THE USE OF VARYING CREATINE REGIMENS ON SPRINT CYCLING

Here is an interesting and surprisingly well done study from the UK on our good friend Creatine Monohydrate. This study has some obvious inadequacies most likely due to dollar cost restriction not preconception or bad science.

Rough outline…….28 experienced sprinters were administered 40, 100 or 135 grams of CM in 5g doses over 4 days. The athletes were then tested in a systematic way to identify changes in repetitive performance. The 100 gram test group (25g/day over 4 days) showed statistically valid performance improvements!

This study only reinforces what we in the practical field already knew, CM works and as a performance enhancer and reasonably quickly. I would love to see if longer “dose loading” produced different results and or if lower dosing over greater duration produced similar responses.

I will continue to search for and catalogue CM related studies and data in hopes of finding the scientific and practical applications for strength athletes. Creatine Monohydrate is one of the few legal compounds still available to the athletic community that consistently shows legitimate performance benefits to strength/power athletes.

B.”EvilGenius”Chavez
www.EvilGSP.com

 

THE USE OF VARYING CREATINE REGIMENS ON SPRINT CYCLING

 

Konstantinos Havenetidis1, Ourania Matsouka2 , Carlton Brian Cooke1 and Apostolos Theodorou1

1 Leeds Metropolitan University, School of Leisure and Sports Studies, Leeds, UK
Democritus University of Thrace, Department of Sports Science and P.E., Komotini, GREECE

Received

 

05 May 2003

Accepted

 

03 July 2003

Published

 

01 September 2003

© Journal of Sports Science and Medicine (2003) 2, 88-97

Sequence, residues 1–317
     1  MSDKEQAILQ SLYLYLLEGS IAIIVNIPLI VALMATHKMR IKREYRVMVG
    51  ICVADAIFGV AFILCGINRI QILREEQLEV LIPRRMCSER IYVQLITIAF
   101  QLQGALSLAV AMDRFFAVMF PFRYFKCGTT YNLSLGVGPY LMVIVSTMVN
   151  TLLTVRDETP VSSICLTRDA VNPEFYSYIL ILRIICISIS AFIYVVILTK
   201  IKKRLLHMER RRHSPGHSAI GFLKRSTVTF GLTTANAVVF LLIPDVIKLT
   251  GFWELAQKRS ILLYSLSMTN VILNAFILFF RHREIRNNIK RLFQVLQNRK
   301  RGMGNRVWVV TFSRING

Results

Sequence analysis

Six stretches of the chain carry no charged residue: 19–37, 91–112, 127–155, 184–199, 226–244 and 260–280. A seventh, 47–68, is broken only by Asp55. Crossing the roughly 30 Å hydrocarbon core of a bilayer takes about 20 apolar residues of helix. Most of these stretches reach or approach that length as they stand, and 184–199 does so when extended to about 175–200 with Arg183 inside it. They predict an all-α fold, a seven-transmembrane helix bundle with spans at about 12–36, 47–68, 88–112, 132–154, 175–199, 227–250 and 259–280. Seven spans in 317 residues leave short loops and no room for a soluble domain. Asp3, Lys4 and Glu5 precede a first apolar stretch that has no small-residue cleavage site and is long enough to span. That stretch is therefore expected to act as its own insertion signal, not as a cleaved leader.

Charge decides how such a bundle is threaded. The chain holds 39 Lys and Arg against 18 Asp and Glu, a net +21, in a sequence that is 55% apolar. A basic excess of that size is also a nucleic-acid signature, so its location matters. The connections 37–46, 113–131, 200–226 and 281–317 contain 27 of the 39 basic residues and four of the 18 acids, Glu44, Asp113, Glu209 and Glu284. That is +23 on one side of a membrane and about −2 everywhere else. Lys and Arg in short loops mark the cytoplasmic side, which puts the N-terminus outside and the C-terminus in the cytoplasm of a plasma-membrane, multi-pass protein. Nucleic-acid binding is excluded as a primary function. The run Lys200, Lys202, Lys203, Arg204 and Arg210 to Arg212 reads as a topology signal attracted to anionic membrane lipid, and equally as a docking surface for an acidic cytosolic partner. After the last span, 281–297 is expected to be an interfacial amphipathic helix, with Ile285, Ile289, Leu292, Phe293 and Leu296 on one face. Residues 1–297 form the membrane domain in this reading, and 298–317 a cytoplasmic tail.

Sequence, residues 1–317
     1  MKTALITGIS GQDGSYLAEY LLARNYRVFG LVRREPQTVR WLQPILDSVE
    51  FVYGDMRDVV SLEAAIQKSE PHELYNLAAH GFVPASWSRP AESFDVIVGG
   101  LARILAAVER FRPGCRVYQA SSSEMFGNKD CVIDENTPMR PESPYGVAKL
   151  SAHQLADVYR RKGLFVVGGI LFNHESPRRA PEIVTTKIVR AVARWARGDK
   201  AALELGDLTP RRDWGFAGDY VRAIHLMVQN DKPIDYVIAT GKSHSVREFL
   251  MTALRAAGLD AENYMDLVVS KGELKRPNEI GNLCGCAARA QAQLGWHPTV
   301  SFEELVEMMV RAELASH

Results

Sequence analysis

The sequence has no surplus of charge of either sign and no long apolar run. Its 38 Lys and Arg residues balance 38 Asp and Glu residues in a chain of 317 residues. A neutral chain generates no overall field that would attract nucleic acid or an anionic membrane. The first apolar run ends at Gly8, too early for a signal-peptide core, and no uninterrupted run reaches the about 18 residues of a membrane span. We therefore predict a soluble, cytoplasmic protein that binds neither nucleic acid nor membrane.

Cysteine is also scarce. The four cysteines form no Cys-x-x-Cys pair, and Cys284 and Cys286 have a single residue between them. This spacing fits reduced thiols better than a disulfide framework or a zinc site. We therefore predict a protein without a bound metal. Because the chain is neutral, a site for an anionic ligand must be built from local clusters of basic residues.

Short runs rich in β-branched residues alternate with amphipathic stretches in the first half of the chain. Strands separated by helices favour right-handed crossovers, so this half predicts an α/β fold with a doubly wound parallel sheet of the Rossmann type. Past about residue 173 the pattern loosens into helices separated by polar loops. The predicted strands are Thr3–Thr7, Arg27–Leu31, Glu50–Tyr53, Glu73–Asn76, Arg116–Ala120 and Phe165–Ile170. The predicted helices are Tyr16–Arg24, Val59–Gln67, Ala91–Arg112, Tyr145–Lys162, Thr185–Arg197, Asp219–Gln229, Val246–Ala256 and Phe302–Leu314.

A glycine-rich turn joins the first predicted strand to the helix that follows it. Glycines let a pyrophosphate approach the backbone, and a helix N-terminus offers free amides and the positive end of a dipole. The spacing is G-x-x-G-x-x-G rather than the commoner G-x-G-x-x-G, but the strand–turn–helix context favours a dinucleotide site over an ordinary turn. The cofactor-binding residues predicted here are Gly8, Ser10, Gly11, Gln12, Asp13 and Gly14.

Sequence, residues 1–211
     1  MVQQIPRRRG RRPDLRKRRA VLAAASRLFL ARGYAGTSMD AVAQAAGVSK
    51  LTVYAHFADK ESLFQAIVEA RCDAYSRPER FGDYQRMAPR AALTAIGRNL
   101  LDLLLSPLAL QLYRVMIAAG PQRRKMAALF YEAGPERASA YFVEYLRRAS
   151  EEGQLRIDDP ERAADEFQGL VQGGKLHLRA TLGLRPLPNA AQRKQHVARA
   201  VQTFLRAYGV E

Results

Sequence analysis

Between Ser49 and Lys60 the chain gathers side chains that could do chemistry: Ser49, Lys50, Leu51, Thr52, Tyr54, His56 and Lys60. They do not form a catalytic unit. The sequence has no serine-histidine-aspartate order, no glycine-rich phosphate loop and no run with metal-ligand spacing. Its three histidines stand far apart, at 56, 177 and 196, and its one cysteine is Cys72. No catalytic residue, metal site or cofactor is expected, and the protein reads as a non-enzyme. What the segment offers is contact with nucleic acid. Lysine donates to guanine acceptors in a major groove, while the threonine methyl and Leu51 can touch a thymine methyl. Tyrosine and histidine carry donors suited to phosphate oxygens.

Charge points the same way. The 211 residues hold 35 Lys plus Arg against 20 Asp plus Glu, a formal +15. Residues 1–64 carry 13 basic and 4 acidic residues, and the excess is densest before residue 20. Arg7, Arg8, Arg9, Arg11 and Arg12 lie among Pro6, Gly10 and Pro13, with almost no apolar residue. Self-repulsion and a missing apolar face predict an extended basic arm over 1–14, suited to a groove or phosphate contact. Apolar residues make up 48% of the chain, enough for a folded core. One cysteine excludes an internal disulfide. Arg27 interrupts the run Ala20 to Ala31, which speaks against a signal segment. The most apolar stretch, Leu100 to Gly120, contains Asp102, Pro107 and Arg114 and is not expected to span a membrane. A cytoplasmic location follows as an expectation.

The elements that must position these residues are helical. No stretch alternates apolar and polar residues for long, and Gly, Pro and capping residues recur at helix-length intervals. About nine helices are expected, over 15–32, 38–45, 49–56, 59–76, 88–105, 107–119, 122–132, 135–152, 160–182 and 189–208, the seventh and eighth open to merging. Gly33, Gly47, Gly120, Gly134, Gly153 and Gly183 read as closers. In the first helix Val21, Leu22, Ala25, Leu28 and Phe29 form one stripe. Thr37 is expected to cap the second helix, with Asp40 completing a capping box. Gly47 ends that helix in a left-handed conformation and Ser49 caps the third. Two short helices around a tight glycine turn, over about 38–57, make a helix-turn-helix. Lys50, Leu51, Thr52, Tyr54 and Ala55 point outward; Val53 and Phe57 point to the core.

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ABSTRACT


This study aimed to determine the effects of different acute creatine loadings (ACRL) on repeated cycle sprints. Twenty-eight active subjects divided into the control (n=7) and the experimental (n=21) group. The exercise protocol comprised three 30s Anaerobic Wingate Tests (AWT) interspersed with six minutes recovery, without any supplements ingested and following placebo and creatine ingestion, according to each ACRL (40g, 100g and 135g throughout a four-day period). Blood and urinary creatine levels were also determined from the experimental group for each ACRL. Protein intake (across all groups) was held constant during the study. There were no changes in protein intake or performance of the control group. For the experimental group creatine supplementation produced significant (p<0.01) increases in body mass (82.5 ± 1.4kg pre vs 82.9 ± 1.2kg post), blood (0.21 ± 0.04mmol·l-1 pre vs 2.24 ± 0.98mmol·l-1 post), and urinary creatine (0.23 ± 0.09mmol·l-1 pre vs 4.29 ± 1.98mmol·l-1 post). No significant differences were found between the non-supplement and placebo condition. Creatine supplementation produced an average improvement of 0.7%, 11.8% and 11.1% for the 40g, 100g and 135g ACRL respectively. However, statistics revealed significant (p<0.01) differences only for the 100g and 135g ACRL. Mean ± SD values for the 100g ACRL for mean and minimum power were 612 ± 180W placebo vs 693 ± 221W creatine and 381 ± 35W placebo vs 415 ± 11W creatine accordingly. For the 135g ACRL the respective performance values were 722 ± 215W placebo vs 810 ± 240W creatine and 405 ± 59W placebo vs 436 ± 30W creatine. These data indicate that a 100g compared to 40g ACRL produces a greater potentiation of performance whilst, greater quantities of creatine ingestion (135g ACRL) can not provide a greater benefit.

CONCLUSION

The use of a 100g compared to a 40g acute creatine loading produced a greater and constant potentiation of sprint cycle performance, whilst no significantly greater benefit occurred with the use of a greater dosage (135g). These findings support previous reports that the use of the commonly accepted creatine-loading regimen of 100g may provide ergogenic benefit. Performance potentiation is greater in the first seconds of repeated sprint cycling (even for the low creatine dosage) and progressively diminishes towards the end of a 30s period. This ergogenic pattern could be attributed primary to an elevated pre exercise creatine phosphate concentration and to a lesser extent to a more efficient buffering capacity. Additional research however, should evaluate the use of varying creatine dosages, in relation to body mass, as studies show that sample group specificity seems to affect the magnitude of performance potentiation. 

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